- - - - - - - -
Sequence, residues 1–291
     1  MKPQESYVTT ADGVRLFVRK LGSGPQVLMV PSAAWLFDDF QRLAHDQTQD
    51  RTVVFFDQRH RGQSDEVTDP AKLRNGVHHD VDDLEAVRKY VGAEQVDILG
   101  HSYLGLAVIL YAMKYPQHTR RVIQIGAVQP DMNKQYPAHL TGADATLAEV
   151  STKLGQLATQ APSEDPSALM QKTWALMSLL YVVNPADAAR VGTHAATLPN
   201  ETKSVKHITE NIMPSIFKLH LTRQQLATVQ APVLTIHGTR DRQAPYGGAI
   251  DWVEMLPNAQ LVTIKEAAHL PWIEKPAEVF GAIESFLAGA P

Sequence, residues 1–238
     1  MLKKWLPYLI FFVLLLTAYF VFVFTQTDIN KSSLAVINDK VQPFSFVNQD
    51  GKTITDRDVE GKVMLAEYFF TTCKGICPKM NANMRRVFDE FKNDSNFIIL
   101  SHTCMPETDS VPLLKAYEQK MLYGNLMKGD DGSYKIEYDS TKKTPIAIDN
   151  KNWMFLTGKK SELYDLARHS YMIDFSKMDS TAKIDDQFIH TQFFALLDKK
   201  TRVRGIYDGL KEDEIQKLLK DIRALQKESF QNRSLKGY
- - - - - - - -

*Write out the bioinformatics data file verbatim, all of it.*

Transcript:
Sequence, residues 1–291
     1  MKPQESYVTT ADGVRLFVRK LGSGPQVLMV PSAAWLFDDF QRLAHDQTQD
    51  RTVVFFDQRH RGQSDEVTDP AKLRNGVHHD VDDLEAVRKY VGAEQVDILG
   101  HSYLGLAVIL YAMKYPQHTR RVIQIGAVQP DMNKQYPAHL TGADATLAEV
   151  STKLGQLATQ APSEDPSALM QKTWALMSLL YVVNPADAAR VGTHAATLPN
   201  ETKSVKHITE NIMPSIFKLH LTRQQLATVQ APVLTIHGTR DRQAPYGGAI
   251  DWVEMLPNAQ LVTIKEAAHL PWIEKPAEVF GAIESFLAGA P

Sequence, residues 1–238
     1  MLKKWLPYLI FFVLLLTAYF VFVFTQTDIN KSSLAVINDK VQPFSFVNQD
    51  GKTITDRDVE GKVMLAEYFF TTCKGICPKM NANMRRVFDE FKNDSNFIIL
   101  SHTCMPETDS VPLLKAYEQK MLYGNLMKGD DGSYKIEYDS TKKTPIAIDN
   151  KNWMFLTGKK SELYDLARHS YMIDFSKMDS TAKIDDQFIH TQFFALLDKK
   201  TRVRGIYDGL KEDEIQKLLK DIRALQKESF QNRSLKGY